Some Stats about Bikes, Death and the Dutch

May 18th, 2011  |  by  |  Published in Uncategorized  |  3 Comments

I was, as usual, mouthing off a bit yesterday with my statements of affection for (largely helmet-less) Dutch bike and cargobike culture. But DadWagon friend and colleague Carly brought up a fine point: are there any statistics?

Yes, there are.

Amidst the many blogs devoted to the Bakfiets, the traditional Dutch cargobike, there are some numbers about Dutch death and mayhem on bikes.

Turns out it’s not much mayhem. Holland has the safest streets–for all forms of transport–in Europe. The Bakfiets en Meer blog has a good post quoting the stats culled a couple years back by an expat American living in Holland named  Toby Sterling:

Here are some quick excerpts though Toby’s original text is more fun to read. Basically the message is simple: despite extremely high rates of cycling and negligible helmet use the odds of being killed while cycling in the Netherlands are extremely low.

  • Nationally the total of bicycle accident deaths hovers around 200.
  • In Amsterdam about 6 people die in bike-related accidents yearly.
  • 16 million Dutch own 18 million bikes.
  • About half the population of the NL rides a bike once a day.
  • The average distance traveled by bike per person per day was 2.5km in 2006.
  • The bicycle is used for almost a quarter of all journeys, and 35% of journeys below 7.5km.
  • Overall traffic safety in NL is the best in Europe with 45 deaths per million inhabitants per year.
  • The US has 147 deaths per million inhabitants per year.
  • You’re more likely to die of murder in the US than by cycling in the Netherlands.
  • You’re more likely to die by drowning in the Netherlands than by cycling
  • So there you have it: fewer helmets, less death than in the U.S. But Carly was right: you can’t just translate one part of Amsterdam transport (bikes) to the U.S. and expect safety to follow. The streets need to change. The mindset of drivers needs to change. That’s what will save lives, not cargobikes.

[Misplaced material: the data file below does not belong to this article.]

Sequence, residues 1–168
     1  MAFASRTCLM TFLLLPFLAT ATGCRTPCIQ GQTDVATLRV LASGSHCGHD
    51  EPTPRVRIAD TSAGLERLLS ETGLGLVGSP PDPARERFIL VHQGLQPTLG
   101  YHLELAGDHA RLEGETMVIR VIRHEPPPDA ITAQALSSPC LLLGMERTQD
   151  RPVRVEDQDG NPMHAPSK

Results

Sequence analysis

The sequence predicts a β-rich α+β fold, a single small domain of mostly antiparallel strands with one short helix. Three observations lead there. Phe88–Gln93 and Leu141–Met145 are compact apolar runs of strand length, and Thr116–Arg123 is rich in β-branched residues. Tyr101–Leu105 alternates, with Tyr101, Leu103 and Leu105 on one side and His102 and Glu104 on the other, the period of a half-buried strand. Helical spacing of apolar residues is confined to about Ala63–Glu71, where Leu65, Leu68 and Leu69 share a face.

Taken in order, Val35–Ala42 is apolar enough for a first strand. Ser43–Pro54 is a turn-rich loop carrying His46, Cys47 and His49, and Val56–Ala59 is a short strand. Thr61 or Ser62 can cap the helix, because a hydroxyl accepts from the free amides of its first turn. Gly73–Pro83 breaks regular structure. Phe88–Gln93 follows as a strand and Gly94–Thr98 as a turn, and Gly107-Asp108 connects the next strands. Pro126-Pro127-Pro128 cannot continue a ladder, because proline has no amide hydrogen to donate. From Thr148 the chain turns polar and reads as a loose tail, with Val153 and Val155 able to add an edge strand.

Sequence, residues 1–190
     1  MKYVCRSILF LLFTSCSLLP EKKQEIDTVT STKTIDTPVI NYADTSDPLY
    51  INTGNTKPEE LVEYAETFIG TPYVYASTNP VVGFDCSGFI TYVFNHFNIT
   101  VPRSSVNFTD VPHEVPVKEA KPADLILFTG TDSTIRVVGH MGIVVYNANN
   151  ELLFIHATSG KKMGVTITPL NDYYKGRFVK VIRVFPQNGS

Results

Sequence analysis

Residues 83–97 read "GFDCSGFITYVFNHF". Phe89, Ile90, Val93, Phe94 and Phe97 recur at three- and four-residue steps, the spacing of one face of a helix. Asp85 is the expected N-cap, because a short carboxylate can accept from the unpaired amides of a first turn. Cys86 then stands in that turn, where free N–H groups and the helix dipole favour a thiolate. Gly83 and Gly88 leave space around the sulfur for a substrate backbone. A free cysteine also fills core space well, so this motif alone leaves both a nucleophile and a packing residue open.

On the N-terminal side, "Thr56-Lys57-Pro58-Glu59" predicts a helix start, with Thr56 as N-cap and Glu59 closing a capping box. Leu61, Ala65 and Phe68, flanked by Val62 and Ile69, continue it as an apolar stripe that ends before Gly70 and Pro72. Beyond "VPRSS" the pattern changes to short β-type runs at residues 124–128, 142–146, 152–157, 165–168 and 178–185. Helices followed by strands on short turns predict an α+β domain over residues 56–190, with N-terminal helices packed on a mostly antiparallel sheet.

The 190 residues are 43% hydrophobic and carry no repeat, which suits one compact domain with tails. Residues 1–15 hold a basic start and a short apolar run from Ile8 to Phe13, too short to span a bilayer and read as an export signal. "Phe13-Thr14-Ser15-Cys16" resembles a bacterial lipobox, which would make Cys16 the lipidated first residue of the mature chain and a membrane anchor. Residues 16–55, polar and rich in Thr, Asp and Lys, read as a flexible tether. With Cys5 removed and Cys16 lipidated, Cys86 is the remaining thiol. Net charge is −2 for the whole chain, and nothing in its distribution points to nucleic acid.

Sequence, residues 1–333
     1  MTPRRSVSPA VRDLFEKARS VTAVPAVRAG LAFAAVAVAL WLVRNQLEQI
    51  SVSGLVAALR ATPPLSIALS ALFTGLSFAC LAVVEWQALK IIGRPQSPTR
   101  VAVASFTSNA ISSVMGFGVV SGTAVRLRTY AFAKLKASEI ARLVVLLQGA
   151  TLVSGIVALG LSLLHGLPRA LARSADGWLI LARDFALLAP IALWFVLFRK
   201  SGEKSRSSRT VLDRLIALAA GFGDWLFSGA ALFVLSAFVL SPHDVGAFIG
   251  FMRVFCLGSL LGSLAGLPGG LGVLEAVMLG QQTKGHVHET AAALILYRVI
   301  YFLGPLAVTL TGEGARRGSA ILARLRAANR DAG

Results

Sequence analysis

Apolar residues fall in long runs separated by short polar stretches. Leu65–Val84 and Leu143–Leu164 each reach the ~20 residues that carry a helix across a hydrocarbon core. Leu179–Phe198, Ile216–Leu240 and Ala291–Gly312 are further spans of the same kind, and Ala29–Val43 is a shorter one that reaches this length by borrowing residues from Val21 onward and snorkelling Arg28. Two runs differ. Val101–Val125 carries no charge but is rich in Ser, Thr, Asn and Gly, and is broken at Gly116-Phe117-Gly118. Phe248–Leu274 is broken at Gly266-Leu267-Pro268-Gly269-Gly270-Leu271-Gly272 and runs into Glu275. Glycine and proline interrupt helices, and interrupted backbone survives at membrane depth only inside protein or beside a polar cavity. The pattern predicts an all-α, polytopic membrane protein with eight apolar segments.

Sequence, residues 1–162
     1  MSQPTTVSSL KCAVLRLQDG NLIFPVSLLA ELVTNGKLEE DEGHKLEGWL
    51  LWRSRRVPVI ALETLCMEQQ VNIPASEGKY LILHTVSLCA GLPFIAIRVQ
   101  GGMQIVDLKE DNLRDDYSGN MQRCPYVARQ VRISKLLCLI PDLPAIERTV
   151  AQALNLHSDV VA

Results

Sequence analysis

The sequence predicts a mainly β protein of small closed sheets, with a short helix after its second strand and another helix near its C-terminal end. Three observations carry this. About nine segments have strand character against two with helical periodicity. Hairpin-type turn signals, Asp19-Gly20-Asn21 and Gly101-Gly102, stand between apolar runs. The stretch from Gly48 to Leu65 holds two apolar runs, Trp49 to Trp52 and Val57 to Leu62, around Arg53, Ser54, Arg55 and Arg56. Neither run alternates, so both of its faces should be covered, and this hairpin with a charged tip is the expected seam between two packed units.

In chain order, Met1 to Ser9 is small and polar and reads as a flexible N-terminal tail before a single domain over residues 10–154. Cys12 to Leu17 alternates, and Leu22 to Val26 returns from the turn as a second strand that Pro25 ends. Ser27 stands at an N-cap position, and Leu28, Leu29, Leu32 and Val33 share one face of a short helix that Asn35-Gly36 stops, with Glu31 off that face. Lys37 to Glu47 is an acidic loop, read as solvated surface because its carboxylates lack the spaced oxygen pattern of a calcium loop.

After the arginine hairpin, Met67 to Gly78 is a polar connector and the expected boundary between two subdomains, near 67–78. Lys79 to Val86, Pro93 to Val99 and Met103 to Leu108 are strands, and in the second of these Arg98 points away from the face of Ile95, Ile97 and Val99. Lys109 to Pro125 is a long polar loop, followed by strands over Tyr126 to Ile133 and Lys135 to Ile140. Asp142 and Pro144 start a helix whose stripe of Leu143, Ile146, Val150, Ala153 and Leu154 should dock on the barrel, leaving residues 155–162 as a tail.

Not that cargobikes don’t have their charms. They clearly are fetish objects, among expats living there as well (something like the gaijin who spend their days cataloging their Ramen experience. As we’ve noted before, they seem to be catching on in the states (across the Bay from where I am at UC Berkeley for the week, in SF, there’s importers My Dutch Bike, for example). But we may be a long way before us Americans can compete in feats of strength and agility like these Dutch mamas at a bakfiets competition:


    Responses

    1. Gregor says:

      May 18th, 2011at 12:54 pm(#)

      Nathan – I’m loving these bike posts, much better than your usual crap 😉

      My wife and I visited Copenhagen recently, a similarly bike-friendly city. There are bike lanes separated from the vehicle lanes, crossings for bikes at every intersection and so on. I’m a total convert.

      I wish China would hurry up and kick our American asses already so we too can chill out and enjoy a lazy retirement.

    2. Brad J. says:

      May 18th, 2011at 1:58 pm(#)

      You have to check out this video to begin to understand why dutch people are so cool, and safe, and tall. http://bit.ly/aM78c5
      What Rush Hour Could Look Like: The Glorious Bike Traffic of Utrecht, Holland (@GOOD stuff)

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